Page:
Under the Affordable Care Act (ACA), consumers who purchase subsidized coverage through health insurance marketplace (receiving premium assistance through federal tax subsidies) are given a 90-day grace period for paying their premiums before insurers are allowed to drop the coverage. Many reports show that though several people signed up for exchange plans, they have not paid premiums to maintain the coverage. Tracking down the patient months after providing a service to collect payment is really difficult. This marks the importance of performing insurance verification for exchange plan patients each time they are seen.
How Does Grace Period Work?
With grace period, the ACA actually allows consumers to keep coverage for 90 days after missing a premium payment. In the first 30 days of the grace period, the insurers must pay for the services provided. During 31-90 days of the grace period, insurers are allowed to cancel the patient’s coverage. The charges are listed pending during this period until a premium payment is made or the plan is cancelled. If the plan is cancelled, physicians will have to bill their patients directly for the services provided and then wait for the payment.
However, it seems unlikely that a patient would be able to pay the bill if he/she is not able to pay the premium. Proper eligibility verification helps practices to avoid this situation. Practices can understand whether the coverage is suspended during such verification process. So, what are the proper verification steps providers should take to avoid unnecessary denials and revenue losses owing to grace periods?
Best Verification Practices to Avoid Loss of Revenue
First of all, providers should be aware of the fact that the grace period issue applies only to enrollees receiving federal tax subsidies and the information regarding whether they are receiving subsidies are not on their ID cards. They can perform the following steps for verifying patient eligibility for coverage at the time of service and avoid revenue loss due to grace period issue.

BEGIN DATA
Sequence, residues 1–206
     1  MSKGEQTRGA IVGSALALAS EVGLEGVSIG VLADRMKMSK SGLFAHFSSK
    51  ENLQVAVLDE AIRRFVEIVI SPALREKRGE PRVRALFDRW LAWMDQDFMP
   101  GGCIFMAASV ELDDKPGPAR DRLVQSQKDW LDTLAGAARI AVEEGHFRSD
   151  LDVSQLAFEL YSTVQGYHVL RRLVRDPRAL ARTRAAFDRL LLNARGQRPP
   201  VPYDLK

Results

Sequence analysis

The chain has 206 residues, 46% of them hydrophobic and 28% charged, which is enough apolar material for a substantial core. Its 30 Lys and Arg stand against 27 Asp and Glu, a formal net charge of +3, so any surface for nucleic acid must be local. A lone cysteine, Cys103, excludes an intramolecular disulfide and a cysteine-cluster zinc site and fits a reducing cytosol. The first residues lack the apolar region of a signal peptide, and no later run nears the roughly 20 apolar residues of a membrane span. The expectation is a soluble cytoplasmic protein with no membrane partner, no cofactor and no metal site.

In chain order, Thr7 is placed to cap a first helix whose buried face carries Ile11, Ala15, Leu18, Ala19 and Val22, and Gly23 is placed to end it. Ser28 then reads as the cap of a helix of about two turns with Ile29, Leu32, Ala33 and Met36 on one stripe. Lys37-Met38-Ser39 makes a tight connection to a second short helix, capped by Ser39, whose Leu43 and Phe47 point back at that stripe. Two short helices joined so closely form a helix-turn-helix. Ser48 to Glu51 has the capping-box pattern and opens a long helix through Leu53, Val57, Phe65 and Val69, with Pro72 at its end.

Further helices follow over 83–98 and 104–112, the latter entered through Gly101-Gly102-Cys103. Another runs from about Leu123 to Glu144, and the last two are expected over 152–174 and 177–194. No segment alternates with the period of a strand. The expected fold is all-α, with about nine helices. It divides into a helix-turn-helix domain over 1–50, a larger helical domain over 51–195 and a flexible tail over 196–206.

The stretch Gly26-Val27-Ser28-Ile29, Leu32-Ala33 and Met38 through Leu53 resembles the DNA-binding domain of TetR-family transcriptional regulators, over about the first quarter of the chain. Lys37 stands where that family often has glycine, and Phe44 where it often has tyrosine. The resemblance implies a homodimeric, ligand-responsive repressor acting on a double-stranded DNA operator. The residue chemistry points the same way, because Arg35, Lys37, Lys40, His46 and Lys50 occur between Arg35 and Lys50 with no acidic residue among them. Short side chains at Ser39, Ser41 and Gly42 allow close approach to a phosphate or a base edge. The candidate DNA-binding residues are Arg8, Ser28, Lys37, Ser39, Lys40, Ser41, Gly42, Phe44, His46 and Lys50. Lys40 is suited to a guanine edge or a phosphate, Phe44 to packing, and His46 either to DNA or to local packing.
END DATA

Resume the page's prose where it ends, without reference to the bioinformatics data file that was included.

- Check with patient whether they have signed up for health insurance through an exchange and are eligible for premium subsidies.
- Verify insurance coverage when seeing the patient for the first time, again at the Place of Service (POS) and one more time before claim submission.
- Make copies of the insurance card.
- Check for retroactive insurance coverage after rendering the service if the patient indicates he/she has enrolled, but didn’t get their forms. You should also check for retroactive coverage consistently on all self-pay patients.
- If the response from the payer indicates coverage status as either ‘Active-Pending’ or ‘Inactive-Pending’, check the coverage once more before dropping the claim.
- If the response from the payer indicates coverage date as ‘Premium Paid to Date End’, or a ‘Policy Expiration’ date, note it. There may be issues when the date of service is after the premium paid or policy expiration date. Check with the patient and don’t forget to check coverage again later.
- Make sure that you capture the payer demographic data and store the 271 document (typically sent by insurance companies that would have information regarding a given policy) in case of claim rejection so as to file an appeal, if necessary.
Practices that are struggling to find enough time to perform a thorough verification process can obtain reliable medical billing and coding services from experienced eligibility verification specialists. This will help physicians focus on their core competencies and avoid the hassles of administrative work.